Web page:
LGBT in Britain - Trans Report is Stonewall's new research, based on research with 871 trans and non-binary people by YouGov and highlighting the profound levels of discrimination and hate crime faced by trans people in Britain today.
This report exposes the profound impact that discrimination, violence and exclusion is having on trans people’s quality of life in Britain today. The second in Stonewall and YouGov’s state of the nation LGBT in Britain series, this report focuses on the experiences of more than 800 trans and non-binary people who took part in our research. It contains powerful testimonies that demonstrate why progress on equality for trans people should be a priority for all of us.
What we have found is deeply worrying. Hate crime and discrimination against trans people, on our streets, in our hospitals, in workplaces and at universities, is widespread.
Two in five trans people had to deal with a hate crime or incident in the past 12 months. Many trans people are forced to hide who they are, change how they dress or drop out of university because of fear of discrimination. In our workplaces, half of trans and non-binary people have hidden or disguised that they are LGBT for this reason, and one in eight have been physically attacked by a colleague or customer.
Trans people often lack support from their families too, with more than a quarter subjected to domestic violence, and one in four having experienced homelessness at some point.
The research reveals that many of those who need medical intervention are unable to access this, often due to waiting times that exceed NHS patients’ legal entitlements. Those who do access treatment regularly receive inadequate care.
Meanwhile, while some trans people have been able to have their gender legally recognised thanks to the Gender Recognition Act of 2004, that same law still treats being trans as a mental illness. It does not provide recognition for non-binary people. In addition the process to secure a gender recognition certificate is so demeaning and intrusive that many trans people do not engage with it.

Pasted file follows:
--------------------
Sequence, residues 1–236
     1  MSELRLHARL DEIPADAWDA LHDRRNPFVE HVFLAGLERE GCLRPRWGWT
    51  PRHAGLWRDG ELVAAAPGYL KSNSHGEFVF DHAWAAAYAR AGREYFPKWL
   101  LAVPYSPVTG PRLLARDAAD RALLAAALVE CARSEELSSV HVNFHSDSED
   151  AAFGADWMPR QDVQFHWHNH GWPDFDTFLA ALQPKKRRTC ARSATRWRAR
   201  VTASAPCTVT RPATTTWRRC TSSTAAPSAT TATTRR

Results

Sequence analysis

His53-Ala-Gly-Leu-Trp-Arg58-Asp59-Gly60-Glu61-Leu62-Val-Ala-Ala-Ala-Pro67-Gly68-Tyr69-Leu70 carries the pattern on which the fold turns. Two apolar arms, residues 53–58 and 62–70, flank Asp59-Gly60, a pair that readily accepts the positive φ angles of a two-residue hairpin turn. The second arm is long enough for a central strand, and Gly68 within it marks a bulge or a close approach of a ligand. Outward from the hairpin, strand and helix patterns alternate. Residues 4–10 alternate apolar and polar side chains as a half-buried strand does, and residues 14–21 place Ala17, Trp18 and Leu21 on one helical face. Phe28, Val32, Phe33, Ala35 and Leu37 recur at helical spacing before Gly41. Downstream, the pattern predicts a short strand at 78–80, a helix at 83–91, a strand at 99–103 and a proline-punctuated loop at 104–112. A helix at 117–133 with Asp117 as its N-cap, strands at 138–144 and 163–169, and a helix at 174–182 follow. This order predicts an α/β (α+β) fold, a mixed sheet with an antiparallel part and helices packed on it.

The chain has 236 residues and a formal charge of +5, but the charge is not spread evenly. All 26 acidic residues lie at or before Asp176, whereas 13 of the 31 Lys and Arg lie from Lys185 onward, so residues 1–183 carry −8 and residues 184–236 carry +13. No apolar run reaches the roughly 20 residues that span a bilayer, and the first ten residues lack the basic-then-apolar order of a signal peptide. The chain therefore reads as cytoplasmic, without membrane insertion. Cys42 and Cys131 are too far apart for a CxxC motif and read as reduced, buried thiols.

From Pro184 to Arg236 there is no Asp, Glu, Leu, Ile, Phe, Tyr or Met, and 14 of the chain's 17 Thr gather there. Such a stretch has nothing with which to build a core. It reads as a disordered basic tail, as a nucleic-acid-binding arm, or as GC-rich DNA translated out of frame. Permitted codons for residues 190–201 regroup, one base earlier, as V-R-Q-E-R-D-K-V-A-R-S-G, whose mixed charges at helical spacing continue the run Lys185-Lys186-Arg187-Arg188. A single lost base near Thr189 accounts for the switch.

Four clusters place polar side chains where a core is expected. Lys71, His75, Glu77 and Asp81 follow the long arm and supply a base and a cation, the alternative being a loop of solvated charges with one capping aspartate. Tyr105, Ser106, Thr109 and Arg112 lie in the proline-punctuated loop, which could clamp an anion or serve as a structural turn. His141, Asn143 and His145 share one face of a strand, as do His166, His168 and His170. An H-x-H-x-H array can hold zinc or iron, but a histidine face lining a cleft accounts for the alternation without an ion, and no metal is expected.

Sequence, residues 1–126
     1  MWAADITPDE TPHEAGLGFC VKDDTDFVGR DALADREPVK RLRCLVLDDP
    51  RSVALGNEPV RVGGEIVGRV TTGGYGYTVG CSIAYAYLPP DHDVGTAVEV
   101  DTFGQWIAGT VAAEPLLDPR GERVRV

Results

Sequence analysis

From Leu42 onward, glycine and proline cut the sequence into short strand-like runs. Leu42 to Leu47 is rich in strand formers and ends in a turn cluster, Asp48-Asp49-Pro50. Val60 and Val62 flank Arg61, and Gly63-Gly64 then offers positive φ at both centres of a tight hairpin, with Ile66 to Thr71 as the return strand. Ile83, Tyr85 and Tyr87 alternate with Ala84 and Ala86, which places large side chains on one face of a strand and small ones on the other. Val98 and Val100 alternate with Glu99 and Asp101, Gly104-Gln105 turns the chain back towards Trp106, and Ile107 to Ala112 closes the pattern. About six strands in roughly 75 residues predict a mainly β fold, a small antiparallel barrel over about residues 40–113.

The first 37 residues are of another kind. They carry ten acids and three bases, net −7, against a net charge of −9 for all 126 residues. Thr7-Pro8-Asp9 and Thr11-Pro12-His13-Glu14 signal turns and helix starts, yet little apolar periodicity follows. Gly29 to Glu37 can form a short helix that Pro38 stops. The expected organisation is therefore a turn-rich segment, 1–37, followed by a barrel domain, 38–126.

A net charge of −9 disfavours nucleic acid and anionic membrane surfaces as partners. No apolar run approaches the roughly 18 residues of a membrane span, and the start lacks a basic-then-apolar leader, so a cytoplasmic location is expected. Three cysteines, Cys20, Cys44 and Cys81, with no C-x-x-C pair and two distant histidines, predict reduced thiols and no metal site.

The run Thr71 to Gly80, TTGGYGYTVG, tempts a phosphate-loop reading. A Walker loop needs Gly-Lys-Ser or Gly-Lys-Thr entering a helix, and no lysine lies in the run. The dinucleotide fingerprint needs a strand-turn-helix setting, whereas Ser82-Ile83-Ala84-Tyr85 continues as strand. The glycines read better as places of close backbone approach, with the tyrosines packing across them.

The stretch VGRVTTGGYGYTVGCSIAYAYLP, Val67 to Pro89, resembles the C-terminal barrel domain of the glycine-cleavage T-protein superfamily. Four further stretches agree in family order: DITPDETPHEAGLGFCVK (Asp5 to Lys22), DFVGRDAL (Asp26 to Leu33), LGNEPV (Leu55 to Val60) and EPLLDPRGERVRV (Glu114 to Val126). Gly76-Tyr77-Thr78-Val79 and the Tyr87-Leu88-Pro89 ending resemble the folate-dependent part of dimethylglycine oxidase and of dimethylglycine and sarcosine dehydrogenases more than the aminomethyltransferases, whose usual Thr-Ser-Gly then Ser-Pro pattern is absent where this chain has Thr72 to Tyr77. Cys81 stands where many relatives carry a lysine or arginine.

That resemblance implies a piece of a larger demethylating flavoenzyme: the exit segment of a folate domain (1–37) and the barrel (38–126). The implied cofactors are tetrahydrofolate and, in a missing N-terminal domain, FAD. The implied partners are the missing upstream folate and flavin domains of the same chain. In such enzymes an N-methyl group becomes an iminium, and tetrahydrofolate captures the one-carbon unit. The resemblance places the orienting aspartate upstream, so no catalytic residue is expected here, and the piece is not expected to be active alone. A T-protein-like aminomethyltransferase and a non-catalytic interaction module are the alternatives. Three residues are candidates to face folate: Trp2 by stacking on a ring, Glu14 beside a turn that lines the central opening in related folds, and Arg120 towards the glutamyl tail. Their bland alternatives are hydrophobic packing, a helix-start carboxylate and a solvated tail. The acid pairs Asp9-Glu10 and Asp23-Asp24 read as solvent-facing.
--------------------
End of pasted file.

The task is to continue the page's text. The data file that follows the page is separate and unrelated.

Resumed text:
This situation is not acceptable, and it has been made worse by increasingly frequent attacks in the media and on social media from a vocal minority. Headlines and stories that make ludicrous claims that people are being ‘turned trans’, and that sensationalise and misrepresent the reality of being trans are reminiscent of days gone by: Days when when the media constantly hounded lesbian, gay and bi people as deviants prevented progress on equality for so long.
Policy makers, organisations, communities and individuals need to come together urgently to reject this damaging narrative, and work as allies with trans people so we can address the huge barriers that this report lays bare. We’re pleased that the UK and Scottish Governments have committed to reforming the Gender Recognition Act. That is a vital first step to begin righting these wrongs. Our Vision for Change sets out the other steps we need to take together if we are to improve life for trans people in the next five years. Now is the time for us all, more than ever, to come out for trans equality. — Ruth Hunt, Chief Executive